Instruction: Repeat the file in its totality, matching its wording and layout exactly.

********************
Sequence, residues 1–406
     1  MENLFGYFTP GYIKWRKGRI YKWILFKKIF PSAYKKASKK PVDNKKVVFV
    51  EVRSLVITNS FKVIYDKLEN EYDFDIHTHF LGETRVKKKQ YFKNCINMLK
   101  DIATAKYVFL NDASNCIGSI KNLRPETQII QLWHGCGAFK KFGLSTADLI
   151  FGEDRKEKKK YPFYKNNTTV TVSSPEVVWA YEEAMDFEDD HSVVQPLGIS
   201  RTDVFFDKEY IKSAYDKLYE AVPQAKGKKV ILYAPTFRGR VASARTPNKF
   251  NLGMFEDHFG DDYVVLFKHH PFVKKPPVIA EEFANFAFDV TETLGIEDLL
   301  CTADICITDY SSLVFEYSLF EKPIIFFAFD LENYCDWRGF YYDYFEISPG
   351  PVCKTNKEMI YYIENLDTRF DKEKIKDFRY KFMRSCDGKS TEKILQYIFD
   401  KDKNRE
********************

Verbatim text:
Sequence, residues 1–406
     1  MENLFGYFTP GYIKWRKGRI YKWILFKKIF PSAYKKASKK PVDNKKVVFV
    51  EVRSLVITNS FKVIYDKLEN EYDFDIHTHF LGETRVKKKQ YFKNCINMLK
   101  DIATAKYVFL NDASNCIGSI KNLRPETQII QLWHGCGAFK KFGLSTADLI
   151  FGEDRKEKKK YPFYKNNTTV TVSSPEVVWA YEEAMDFEDD HSVVQPLGIS
   201  RTDVFFDKEY IKSAYDKLYE AVPQAKGKKV ILYAPTFRGR VASARTPNKF
   251  NLGMFEDHFG DDYVVLFKHH PFVKKPPVIA EEFANFAFDV TETLGIEDLL
   301  CTADICITDY SSLVFEYSLF EKPIIFFAFD LENYCDWRGF YYDYFEISPG
   351  PVCKTNKEMI YYIENLDTRF DKEKIKDFRY KFMRSCDGKS TEKILQYIFD
   401  KDKNRE